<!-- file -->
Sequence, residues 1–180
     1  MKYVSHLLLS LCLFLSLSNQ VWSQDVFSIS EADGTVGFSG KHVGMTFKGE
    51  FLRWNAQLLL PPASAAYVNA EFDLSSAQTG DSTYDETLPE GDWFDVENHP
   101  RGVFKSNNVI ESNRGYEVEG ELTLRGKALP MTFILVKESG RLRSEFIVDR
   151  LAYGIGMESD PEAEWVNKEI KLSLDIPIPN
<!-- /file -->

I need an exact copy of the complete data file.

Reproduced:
Sequence, residues 1–180
     1  MKYVSHLLLS LCLFLSLSNQ VWSQDVFSIS EADGTVGFSG KHVGMTFKGE
    51  FLRWNAQLLL PPASAAYVNA EFDLSSAQTG DSTYDETLPE GDWFDVENHP
   101  RGVFKSNNVI ESNRGYEVEG ELTLRGKALP MTFILVKESG RLRSEFIVDR
   151  LAYGIGMESD PEAEWVNKEI KLSLDIPIPN